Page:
We’ve learned, firsthand, about the shortcomings of each of these classifications. For one, they support the export market, which is something we don’t do. Further, whatever items don’t meet institutionalized market standards are sent to landfill (usually unreported). Only a handful of export companies actually recycle in house, and as of yet, we have not been able to find a recycling partner that doesn’t export.

The Dilemma Facing Small Businesses

WOVIN’s distributed model means we don’t have the ability to generate minimum purchase quantities. Instead of having one large warehouse servicing an area, we operate a number of small collection and sorting units, giving us the ability to service an entire region for the same cost or less. This means we don't meet minimum purchase quantities at any one location, which is mandatory in order to sell directly to recyclers.

But we’re not the only ones. Even the largest clothing collectors cannot justify the sorting and storage costs demanded by buyers (we know, because we’ve been talking to the largest clothing collector in our area that generates over 150,000 pounds a week - and even they can’t meet these minimums!). It’s simply too expensive.

Here are our two main takeaways:  

  • The secondary clothing market, as it stands, is geared toward exports, not recycling.

  • There is no cost effective market for recyclables, which makes it cheaper and easier to  thrown textiles into landfill.

Textile Recycling - Infographic.jpg

What we need is for local governments and waste management companies to serve as intermediaries between clothing collectors / charities and the real textile recycling industry (not the exporters).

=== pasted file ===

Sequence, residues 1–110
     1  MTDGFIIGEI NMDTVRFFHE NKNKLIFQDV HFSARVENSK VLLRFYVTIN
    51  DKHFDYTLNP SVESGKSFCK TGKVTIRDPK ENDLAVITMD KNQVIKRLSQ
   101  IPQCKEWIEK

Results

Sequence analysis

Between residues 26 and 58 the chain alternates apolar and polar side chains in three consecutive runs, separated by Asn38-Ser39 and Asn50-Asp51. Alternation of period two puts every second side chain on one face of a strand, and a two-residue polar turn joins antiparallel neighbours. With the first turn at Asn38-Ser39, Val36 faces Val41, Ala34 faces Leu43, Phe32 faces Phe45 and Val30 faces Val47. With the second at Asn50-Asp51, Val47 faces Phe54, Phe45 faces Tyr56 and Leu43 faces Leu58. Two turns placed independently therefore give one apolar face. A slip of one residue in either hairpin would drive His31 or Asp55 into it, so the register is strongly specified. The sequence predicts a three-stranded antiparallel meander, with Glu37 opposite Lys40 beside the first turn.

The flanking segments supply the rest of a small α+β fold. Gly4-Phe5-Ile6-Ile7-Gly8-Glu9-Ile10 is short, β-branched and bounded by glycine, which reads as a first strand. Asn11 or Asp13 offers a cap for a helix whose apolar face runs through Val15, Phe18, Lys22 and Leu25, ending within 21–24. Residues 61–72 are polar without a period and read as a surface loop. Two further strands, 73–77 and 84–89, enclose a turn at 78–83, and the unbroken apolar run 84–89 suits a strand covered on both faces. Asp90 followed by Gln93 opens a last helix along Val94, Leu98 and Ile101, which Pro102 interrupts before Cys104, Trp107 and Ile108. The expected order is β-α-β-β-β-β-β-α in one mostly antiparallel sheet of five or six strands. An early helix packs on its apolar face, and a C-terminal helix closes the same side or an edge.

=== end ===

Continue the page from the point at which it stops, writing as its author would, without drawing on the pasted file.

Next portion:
There needs to be a place where recyclables can be stored until there is enough for a textile recycler to purchase. Otherwise, the gap is just too large for charities and recyclers to close.

Experiencing Disconnect in the Bay Area

There is no textile recycling program in Silicon Valley.

The only textile recycling option in the Bay Area involves driving recyclables to Recology’s San Francisco transfer station (100 mile round trip, or more) and paying $155 per ton to unload. Add transportation and labor costs, and it costs a small company like ours between $750 and $1,000 per week to recycle textiles. And there is no guarantee that the items will NOT be exported and/or sent to landfill.

Now compare the above costs with your typical trash collection fee of less than $500 per month. Which would you choose?  

The Solution: Does One Exist?

As it stands, textile recycling simply isn’t accessible to small businesses, especially those who don't agree with the export market. For most businesses recycling costs drive their decision, and sadly, throwing clothes away, directly or indirectly, is the cheaper, easier, and more realistic option.

But WOVIN is working to change the state of the textile recycling industry. We’re working with local government, clothing collectors, charities, waste authorities, and other stakeholders to create a solution to this problem. We may not have all the answers, but we’re actively seeking opportunities for dialogue and potential partnerships.

Textile recycling is a myth, but it doesn’t have to be. And we are doing our best to make it accessible to everyone.